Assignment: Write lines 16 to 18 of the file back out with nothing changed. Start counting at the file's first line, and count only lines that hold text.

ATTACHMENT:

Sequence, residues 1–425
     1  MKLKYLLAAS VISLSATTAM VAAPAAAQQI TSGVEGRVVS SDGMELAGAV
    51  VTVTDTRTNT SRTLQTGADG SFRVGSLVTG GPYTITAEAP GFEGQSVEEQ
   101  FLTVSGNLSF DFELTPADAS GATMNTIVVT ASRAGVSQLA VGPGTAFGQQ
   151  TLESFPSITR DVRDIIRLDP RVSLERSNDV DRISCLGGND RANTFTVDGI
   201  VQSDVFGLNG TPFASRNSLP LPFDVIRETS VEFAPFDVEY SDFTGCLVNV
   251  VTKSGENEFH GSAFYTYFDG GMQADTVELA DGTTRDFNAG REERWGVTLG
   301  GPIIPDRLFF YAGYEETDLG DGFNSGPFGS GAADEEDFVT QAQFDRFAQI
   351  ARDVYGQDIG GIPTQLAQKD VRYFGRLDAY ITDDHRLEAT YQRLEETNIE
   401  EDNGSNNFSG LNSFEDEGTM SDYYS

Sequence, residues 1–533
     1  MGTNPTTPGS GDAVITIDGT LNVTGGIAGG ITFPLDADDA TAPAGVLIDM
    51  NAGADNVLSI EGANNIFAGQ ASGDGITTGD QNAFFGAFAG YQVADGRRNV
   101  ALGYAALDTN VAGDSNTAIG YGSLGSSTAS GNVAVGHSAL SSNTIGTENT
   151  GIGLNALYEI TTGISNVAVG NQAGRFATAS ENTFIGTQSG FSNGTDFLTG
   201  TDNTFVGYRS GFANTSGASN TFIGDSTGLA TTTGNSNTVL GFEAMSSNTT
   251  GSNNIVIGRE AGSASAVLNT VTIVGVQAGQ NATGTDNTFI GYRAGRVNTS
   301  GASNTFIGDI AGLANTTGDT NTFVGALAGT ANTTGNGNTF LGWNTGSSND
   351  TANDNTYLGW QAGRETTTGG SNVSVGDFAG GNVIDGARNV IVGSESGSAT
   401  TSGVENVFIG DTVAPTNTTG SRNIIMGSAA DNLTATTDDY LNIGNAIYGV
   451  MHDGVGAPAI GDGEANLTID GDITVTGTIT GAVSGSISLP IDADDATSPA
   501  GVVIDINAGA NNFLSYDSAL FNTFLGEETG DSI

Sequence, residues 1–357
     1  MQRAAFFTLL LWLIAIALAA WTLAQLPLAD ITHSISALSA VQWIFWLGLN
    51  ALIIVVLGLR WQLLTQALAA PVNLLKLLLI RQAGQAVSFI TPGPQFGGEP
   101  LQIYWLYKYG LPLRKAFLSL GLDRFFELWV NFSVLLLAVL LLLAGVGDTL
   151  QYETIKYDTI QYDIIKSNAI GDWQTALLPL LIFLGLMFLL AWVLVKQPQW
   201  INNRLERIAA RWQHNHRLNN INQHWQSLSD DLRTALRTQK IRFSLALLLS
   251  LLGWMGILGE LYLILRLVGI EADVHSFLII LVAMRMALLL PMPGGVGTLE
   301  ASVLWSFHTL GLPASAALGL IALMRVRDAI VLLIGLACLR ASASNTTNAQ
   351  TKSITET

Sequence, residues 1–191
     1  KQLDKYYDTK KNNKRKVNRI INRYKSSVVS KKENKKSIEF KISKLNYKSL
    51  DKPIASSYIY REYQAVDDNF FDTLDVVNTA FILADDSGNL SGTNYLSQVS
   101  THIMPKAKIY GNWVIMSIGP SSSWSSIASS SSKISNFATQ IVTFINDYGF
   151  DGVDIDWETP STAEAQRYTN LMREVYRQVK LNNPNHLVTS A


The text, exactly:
   201  TDNTFVGYRS GFANTSGASN TFIGDSTGLA TTTGNSNTVL GFEAMSSNTT
   251  GSNNIVIGRE AGSASAVLNT VTIVGVQAGQ NATGTDNTFI GYRAGRVNTS
   301  GASNTFIGDI AGLANTTGDT NTFVGALAGT ANTTGNGNTF LGWNTGSSND